Comment by Tinakori — February 20, 2015 @ 3:35 pm

  14. I’m with you on the “ah, global capitalism” but in an entirely unironic way.

    Tinakori, how is that lipstick marketing campaign going for the swine market segment?

    Comment by Gregor W — February 20, 2015 @ 3:54 pm

  15. Someone want to explain the ethical problems here? I can’t see the specific issue?

    Comment by Swan — February 20, 2015 @ 9:28 pm

  16. So its true after all, the insurance that was supposed to be ‘castiron’ was done through Goldman Sachs. Yet it no longer applies. No doubt GS did some fast tricky maneuvering to get Portugal to make some last minute changes which make the insurance noncollectable so that they didnt take a bath on the entire Oak transaction.
    As though nobody knew that they run with hares and hunt with the hounds.

    Comment by ghostwhowalksnz — February 21, 2015 @ 10:38 am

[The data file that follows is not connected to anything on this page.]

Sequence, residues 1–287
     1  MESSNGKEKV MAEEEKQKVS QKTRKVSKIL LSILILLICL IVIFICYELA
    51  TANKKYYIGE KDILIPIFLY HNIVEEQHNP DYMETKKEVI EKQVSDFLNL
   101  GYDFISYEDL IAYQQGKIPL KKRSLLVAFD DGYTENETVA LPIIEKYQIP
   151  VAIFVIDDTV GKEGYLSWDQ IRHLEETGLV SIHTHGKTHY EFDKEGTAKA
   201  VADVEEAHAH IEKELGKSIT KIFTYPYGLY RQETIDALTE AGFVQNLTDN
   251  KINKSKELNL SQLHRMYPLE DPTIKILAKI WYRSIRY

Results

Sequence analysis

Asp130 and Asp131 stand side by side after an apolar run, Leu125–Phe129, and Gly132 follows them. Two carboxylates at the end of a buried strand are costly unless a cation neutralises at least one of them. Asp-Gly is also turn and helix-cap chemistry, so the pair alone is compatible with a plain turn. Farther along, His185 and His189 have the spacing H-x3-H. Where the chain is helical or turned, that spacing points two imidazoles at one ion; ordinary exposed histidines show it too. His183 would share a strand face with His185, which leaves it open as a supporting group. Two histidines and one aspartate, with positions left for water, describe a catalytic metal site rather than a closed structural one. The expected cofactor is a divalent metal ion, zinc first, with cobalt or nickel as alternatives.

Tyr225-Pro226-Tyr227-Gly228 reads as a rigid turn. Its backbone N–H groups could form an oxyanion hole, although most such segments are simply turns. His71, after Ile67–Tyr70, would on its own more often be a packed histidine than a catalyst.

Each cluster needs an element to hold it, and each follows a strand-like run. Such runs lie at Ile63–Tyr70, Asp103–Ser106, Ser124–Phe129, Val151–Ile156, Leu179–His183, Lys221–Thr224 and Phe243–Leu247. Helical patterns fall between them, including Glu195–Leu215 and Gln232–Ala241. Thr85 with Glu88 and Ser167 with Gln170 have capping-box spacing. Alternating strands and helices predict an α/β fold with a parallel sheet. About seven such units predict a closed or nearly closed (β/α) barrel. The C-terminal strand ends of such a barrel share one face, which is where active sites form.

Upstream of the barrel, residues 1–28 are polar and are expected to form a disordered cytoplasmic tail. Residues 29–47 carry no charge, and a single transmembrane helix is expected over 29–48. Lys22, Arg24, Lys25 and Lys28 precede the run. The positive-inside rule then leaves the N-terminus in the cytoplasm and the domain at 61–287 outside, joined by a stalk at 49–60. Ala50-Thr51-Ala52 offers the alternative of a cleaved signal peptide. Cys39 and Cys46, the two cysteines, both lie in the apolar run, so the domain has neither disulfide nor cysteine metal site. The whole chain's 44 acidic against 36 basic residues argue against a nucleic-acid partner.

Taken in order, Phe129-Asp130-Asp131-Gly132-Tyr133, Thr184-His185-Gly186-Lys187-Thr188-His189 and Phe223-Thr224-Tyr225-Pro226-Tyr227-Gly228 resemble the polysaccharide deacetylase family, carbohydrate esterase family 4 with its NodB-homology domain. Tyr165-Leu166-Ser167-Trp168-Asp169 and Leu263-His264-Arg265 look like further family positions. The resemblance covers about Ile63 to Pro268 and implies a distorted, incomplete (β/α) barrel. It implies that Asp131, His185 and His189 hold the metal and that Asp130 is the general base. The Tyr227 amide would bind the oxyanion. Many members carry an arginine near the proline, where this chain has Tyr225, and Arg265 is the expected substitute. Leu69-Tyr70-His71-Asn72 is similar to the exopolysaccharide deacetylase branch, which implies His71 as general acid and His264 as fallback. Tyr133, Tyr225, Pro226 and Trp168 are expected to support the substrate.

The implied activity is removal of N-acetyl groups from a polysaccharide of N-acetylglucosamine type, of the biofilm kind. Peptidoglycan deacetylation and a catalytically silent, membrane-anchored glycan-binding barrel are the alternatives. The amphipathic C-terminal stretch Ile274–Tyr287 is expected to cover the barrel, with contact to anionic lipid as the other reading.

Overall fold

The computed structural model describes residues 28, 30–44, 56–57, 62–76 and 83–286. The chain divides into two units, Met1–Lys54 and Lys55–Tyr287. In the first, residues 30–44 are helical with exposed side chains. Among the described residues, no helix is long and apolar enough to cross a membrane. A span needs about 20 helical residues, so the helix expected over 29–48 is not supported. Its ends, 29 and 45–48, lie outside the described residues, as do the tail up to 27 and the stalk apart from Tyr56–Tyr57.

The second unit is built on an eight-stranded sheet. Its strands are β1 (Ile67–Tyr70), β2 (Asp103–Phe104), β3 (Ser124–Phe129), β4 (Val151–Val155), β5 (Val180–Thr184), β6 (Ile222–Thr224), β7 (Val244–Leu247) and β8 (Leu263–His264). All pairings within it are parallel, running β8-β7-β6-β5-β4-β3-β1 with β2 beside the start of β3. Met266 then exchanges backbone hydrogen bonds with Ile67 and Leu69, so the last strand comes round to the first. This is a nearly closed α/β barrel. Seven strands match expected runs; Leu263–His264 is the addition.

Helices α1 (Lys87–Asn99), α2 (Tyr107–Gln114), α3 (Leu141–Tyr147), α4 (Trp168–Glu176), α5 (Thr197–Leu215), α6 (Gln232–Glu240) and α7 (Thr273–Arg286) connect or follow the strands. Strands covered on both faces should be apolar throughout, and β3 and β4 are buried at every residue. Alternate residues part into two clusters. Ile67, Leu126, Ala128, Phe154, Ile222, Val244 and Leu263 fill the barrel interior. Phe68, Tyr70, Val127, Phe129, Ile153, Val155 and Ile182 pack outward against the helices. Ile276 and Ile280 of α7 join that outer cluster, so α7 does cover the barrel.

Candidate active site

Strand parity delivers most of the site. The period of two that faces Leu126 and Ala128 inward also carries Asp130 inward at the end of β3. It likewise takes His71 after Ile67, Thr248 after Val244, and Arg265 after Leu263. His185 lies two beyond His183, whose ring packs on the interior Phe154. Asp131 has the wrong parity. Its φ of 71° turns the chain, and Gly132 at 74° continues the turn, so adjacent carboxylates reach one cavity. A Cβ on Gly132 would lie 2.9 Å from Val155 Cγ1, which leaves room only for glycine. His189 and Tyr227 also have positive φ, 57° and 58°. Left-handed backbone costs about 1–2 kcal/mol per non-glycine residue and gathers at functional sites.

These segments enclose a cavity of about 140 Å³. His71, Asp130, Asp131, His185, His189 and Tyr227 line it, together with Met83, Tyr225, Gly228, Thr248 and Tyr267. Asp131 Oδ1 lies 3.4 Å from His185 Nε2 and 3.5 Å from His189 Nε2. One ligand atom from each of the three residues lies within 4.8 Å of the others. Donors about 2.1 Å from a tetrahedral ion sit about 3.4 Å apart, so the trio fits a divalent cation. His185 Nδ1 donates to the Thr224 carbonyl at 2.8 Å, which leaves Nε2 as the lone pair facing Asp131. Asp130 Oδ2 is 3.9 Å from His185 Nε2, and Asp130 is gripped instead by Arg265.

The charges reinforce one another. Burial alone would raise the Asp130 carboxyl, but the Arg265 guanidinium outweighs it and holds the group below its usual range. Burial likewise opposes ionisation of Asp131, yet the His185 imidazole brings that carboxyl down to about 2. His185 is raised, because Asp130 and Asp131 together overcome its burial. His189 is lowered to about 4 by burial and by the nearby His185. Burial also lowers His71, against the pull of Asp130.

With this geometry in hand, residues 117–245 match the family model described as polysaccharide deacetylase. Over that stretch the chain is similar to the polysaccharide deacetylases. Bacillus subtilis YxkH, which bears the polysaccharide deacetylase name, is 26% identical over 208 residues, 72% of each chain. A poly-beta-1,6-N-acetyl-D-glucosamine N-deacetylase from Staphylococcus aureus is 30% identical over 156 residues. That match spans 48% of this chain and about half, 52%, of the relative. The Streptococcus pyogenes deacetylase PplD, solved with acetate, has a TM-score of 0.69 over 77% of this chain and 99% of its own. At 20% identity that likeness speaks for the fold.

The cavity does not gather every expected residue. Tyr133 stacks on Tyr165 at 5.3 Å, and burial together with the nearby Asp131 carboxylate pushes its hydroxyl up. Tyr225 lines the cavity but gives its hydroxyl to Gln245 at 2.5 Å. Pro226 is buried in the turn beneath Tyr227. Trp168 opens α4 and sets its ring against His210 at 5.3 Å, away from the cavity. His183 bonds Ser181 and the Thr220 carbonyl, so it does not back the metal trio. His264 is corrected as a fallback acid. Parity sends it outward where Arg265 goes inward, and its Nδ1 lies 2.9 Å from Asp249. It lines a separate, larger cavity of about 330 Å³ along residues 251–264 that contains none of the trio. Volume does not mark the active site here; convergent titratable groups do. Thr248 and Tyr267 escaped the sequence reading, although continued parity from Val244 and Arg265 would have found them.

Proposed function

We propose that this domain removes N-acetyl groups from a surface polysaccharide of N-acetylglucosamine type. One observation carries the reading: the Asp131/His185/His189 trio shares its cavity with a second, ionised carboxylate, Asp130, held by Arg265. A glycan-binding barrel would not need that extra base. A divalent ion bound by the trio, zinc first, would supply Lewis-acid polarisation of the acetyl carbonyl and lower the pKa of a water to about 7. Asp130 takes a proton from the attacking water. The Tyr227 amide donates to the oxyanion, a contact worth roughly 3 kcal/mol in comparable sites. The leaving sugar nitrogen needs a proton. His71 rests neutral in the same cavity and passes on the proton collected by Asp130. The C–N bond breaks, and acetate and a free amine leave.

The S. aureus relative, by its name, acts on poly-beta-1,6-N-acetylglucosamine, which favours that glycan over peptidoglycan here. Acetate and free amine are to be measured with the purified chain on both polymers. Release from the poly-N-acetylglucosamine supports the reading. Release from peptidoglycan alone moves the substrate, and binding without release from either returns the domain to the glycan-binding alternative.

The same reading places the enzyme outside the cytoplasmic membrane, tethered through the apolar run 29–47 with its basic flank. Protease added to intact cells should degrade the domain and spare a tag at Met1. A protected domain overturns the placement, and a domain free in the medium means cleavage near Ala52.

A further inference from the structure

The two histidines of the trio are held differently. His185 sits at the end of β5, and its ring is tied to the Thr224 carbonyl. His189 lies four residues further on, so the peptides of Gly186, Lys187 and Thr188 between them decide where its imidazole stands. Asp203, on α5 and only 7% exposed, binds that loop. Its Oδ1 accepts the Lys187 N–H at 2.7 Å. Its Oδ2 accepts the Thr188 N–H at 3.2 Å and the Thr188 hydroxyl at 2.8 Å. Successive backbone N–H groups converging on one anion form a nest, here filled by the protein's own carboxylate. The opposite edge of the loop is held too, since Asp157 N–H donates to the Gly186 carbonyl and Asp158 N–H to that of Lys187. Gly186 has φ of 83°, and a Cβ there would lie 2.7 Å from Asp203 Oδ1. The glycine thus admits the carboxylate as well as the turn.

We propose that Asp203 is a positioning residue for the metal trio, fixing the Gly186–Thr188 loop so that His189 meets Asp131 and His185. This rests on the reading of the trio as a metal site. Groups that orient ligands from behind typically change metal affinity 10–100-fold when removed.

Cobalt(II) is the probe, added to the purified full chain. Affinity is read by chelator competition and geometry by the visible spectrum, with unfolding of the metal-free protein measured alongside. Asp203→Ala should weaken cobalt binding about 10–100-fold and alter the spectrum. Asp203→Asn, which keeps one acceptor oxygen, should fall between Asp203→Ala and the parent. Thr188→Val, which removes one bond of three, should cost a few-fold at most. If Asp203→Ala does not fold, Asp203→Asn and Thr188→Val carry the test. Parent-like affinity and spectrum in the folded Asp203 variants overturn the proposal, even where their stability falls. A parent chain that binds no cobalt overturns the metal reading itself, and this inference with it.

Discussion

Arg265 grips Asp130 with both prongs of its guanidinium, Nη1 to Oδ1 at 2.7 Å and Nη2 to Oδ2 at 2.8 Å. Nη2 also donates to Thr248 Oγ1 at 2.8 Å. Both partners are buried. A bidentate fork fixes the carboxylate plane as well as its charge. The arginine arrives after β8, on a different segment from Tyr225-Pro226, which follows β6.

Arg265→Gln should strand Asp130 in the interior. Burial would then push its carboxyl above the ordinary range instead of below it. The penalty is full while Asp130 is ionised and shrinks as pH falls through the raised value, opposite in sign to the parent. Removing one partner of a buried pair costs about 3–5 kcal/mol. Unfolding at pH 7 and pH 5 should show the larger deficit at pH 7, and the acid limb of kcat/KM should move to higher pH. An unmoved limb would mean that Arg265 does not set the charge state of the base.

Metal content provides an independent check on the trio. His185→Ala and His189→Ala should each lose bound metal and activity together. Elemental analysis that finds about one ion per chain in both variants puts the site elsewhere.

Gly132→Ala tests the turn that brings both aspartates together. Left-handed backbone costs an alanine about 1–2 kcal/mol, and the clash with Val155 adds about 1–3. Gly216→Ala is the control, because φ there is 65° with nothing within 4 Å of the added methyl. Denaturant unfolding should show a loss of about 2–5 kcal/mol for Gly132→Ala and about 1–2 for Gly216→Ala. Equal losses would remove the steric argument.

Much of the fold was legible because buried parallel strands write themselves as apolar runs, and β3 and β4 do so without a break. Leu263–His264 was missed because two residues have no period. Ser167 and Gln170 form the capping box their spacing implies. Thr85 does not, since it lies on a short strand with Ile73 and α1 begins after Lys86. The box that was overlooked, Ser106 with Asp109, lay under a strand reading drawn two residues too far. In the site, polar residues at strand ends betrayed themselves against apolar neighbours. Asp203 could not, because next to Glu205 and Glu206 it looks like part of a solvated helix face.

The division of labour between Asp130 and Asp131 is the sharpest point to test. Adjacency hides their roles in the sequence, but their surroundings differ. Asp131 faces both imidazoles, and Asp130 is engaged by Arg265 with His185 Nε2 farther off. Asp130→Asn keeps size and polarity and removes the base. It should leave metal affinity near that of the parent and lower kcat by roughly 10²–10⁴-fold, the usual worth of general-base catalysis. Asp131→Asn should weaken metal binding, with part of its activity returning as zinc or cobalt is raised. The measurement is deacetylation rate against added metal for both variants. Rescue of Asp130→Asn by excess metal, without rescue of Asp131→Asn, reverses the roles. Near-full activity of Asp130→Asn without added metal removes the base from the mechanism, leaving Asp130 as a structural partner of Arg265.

17. The NZ Super Fund promises a “risk free” rate of return of 6%. Given this fact, I am not sure why it needs to invest in debt riddled countries with less than impressive banking practices.

    Comment by Ross — February 21, 2015 @ 12:27 pm

  18. > “The fund’s expected annual return rate has been calculated to drop from 10.01 per cent to 9.98 per cent.”

    The only relevant money quote here.

    Comment by Ben Wilson — February 21, 2015 @ 4:48 pm

  19. “Someone want to explain the ethical problems here?”

    DIM thinks that the State’s shit doesn’t stink and is all confused hence the reference to capitalism.

    “The fund’s expected annual return rate has been calculated to drop from 10.01 per cent to 9.98 per cent.”